A EUROPEAN HISTORY
This film could have been called Abdelkrim and the War in the Rif, but we chose to keep the Western name to better dismantle the mechanisms.
The Rif War takes on its full significance when we place it in a broader context, at the center of the inter-imperialist interests of the time, the ideological substrates that run through it, the economic, political and geostrategic conflicts at stake, the colonial competition in Europe of which it is the consequence, the rise of fascism of which it is contemporary, and the struggle for the emancipation of peoples of which it is the first modern manifestation.
Mohamed Ben Abdelkrim El Khattabi belongs to a family that has been collaborating with Spain since it obtained the Rif following the secret agreement between France and England in 1904. His father is convinced that only a European power can bring progress and development to the Rif. Thus Abdelkrim, after studying law in Fez, also put himself at the service of the Spaniards as a teacher, interpreter, journalist and then judge of Muslim affairs in Melilla. But the violence of the Spaniards gradually pushed this family of notables to distance themselves from the situation, until Abdelkrim, in the middle of the First World War, declared himself a supporter of the independence of the Rif, leading to his conviction in a genuine political trial. After the death of his father in 1920, he took the lead of the tribes and managed to create unity, inflicting a series of defeats on Spain in the summer of 1921, each one more bitter than the last. Abdelkrim did not want war, and he always fought to negotiate peace, until his movement was crushed in May 1926 by the joint force of the Spanish and French armies. Considered by the Arab-Muslim world as a new Atatürk, he widened his field of action to the whole of the Rif, which he proclaimed Republic in 1923, partly to win the sympathy of the anti-colonialist left, but also to become part of modernity, with the ambition unthinkable at the time to obtain recognition from the League of Nations.
The Rif War was an earthquake, a thunderbolt in an almost serene sky. Abdelkrim’s victory over Spain very quickly overturned the traditional data of international politics and became a model in the struggle for the emancipation of the colonized peoples throughout the 20th century. Abdelkrim, who was buried in 1963 with full honors in Cairo, where he took refuge in 1947, is indeed an outstanding figure, who introduced a peasant people to successes that shook the imperialists of the time. At the height of colonial power, the colossus revealed himself to be a foot of clay and had to mobilize considerable firepower to cope with a new situation and overcome the pebble in his shoe. The industrial war is mobilized to crush the small state that is born and the tens of thousands of fighters who defend it. On the one hand, we find the mark of an indisputable turning point in the anti-colonial struggle compared to the 19th century; the military organization of the guerrilla and the lucidity of Abdelkrim, who considers that military success must be accompanied by political success on the internal and external levels (made possible by the constitution of a State), represent considerable progress. This experience, whose scope extended from the USSR to Latin America, from Stockholm to New Delhi, via Asia and Africa, would become an example for movements for the emancipation of peoples during the twentieth century.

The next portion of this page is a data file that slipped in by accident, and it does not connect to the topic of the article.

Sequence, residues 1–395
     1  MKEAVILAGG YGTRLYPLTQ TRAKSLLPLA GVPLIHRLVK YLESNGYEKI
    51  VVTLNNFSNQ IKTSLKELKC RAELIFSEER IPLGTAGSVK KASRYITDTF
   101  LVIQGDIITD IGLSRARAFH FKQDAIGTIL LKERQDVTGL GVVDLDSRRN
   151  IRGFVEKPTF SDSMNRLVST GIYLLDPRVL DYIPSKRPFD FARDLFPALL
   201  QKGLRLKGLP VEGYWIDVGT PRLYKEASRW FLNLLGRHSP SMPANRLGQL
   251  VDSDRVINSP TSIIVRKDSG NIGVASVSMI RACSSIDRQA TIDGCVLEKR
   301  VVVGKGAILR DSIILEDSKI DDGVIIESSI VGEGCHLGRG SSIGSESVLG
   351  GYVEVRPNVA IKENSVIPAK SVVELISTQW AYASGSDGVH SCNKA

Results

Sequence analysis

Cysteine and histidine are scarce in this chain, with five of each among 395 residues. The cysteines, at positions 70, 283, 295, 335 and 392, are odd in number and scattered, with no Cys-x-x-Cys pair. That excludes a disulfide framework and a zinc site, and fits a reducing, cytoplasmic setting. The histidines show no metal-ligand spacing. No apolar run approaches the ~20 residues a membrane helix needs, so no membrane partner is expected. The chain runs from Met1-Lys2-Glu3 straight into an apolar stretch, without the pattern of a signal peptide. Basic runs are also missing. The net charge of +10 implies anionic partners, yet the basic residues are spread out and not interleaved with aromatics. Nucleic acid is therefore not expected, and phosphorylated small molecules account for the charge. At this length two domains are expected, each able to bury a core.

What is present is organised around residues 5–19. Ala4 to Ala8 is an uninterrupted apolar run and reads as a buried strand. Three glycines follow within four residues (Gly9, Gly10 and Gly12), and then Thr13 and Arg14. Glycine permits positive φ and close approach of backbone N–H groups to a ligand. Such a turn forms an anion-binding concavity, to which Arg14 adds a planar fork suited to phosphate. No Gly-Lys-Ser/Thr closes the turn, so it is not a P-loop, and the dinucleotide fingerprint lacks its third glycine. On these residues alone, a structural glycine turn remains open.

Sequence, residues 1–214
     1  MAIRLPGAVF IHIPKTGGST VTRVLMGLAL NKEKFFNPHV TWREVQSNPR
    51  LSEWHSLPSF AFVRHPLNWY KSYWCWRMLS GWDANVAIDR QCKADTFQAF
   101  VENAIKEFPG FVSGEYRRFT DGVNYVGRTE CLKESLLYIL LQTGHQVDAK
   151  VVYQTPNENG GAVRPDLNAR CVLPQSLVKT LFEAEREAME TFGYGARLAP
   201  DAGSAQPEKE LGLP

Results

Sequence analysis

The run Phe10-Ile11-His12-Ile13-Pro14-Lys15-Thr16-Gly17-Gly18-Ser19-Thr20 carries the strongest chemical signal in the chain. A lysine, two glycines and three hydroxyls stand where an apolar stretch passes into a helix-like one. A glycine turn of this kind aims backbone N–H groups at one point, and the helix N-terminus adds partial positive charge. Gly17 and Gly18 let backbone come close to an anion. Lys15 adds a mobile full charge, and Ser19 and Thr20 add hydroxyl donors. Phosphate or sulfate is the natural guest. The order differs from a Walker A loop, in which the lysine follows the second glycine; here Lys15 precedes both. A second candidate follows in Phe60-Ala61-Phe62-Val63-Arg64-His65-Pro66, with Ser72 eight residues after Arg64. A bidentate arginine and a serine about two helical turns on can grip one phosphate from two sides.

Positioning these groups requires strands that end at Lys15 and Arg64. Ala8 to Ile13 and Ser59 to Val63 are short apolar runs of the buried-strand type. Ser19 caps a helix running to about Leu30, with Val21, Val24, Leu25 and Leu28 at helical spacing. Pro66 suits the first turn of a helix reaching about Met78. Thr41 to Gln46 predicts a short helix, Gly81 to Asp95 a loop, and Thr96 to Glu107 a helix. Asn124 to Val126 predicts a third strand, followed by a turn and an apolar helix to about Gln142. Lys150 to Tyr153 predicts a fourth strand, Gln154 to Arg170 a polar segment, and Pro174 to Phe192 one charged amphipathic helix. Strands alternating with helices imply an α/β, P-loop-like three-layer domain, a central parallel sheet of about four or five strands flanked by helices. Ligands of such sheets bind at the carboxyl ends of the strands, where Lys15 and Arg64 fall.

On the Western side, this colonial war made it possible to test new strategic methods and to test modern weapons on the non-European ground; with the help of France, it tipped over into a form of counter-revolutionary warfare that would be repeated throughout the century. The violence that European armies display under the banner of civilization is not without analogies with one of the substrates of Nazi ideology. What the European powers allow themselves to do to the colonized peoples (massacres of civilian populations, the extermination of opponents, terror, genocidal practices), is only possible through well-orchestrated propaganda. The “sub-human” is already in germ in modern colonial warfare; the enemy is “barbarised” to justify his elimination. Toxic gases, which are on the verge of being banned, will be produced in the greatest secrecy in Spain thanks to Germany’s complicity or transported under cover of pesticides by the French company Schneider. The gases will be used here intensively by the Spaniards; England will do the same in Iraq in 1919 and Italy in Abyssinia in 1935.
While the Rif War was lost by Abdelkrim and his people, the shock it represented paradoxically transforms it into a victory. More than a testing ground, Abdelkrim’s experience, with all its contradictions, is obviously a first. “I am convinced that, if we had had the time, we would have become a great nation of free men,” Abdelkrim would later declare. This word is neither that of a toy nor that of a vanquished man, but rather the expression of a new force and the expression of an unfailing hope for freedom.
To conclude that war is a great mechanism that crushes men would be a truism. In the case of the Rif War, this expression takes on its full value if we consider that the great powers are not waging war against each other, but are nipping a state in the bud for inter-imperialist interests whose civilizational values they are justified in questioning. What is played out in this implacable war, with the appalling disproportion of the balance of power, is reminiscent of the interplay of tectonic plates colliding, shaping new territories. And if it has taken time to appreciate the contribution of this historical experience, it is no doubt because official history has always tried to erase, from one end of Europe to the other, the heroic figures who could have served as an example in the struggle for the emancipation of peoples.